The history of dentistry and medicine relationship: could the mouth finally return to the body?

Oral Dis. 2009 Nov;15(8):538-46. doi: 10.1111/j.1601-0825.2009.01589.x. Epub 2009 Jul 13.


The relationship between dentistry and medicine has been acknowledged throughout the history of humanity. This relationship was documented in ancient medicine accounts, and has survived until the present day, accompanied by the evolution of molecular technologies. Although we have had very important researchers' contributions in this interdisciplinary area, mainly after the 18th century, the knowledge on oral infections is still ignored by or unknown to the majority of clinical dentists and physicians. These circumstances could be changed through a broader divulgation of this complex relationship, both in the dentistry and in the medicine areas, which in turn would have a significant impact in systemic health worldwide. This movement has already started, as was observed in a World Health Assembly resolution which called for oral health to be integrated into chronic disease prevention programs in 2007. This was a significant indicator of changing perceptions of oral health over the past several decades. This brief review reports the evolution through time of the knowledge on the association between dental infections and systemic diseases, as well as the paths which we could take to consolidate this historical trend.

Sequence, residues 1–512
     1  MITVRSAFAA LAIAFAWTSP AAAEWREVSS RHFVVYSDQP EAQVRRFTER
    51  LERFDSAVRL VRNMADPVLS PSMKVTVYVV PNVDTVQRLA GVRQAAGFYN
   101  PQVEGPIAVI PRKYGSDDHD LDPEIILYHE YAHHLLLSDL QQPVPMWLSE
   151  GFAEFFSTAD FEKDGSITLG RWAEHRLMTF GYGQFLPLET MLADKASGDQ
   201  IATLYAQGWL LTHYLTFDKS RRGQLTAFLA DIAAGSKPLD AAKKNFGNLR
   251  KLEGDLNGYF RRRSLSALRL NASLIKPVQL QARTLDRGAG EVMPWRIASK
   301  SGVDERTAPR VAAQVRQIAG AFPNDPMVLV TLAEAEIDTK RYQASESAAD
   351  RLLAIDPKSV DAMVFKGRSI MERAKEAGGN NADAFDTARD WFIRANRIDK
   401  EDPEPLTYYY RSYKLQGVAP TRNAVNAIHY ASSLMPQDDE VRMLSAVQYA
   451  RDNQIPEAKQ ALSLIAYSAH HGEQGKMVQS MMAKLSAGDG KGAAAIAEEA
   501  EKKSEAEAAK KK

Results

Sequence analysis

Publication types

  • Historical Article
  • Research Support, Non-U.S. Gov't
  • Review

MeSH terms

  • Bacterial Infections / complications*
  • Focal Infection, Dental / complications*
  • Focal Infection, Dental / microbiology
  • History of Dentistry*
  • History of Medicine
  • History, 18th Century
  • History, 19th Century
  • History, 20th Century
  • Humans
  • Interprofessional Relations
  • Mouth Diseases / complications*
  • Mouth Diseases / microbiology
  • Sepsis / etiology*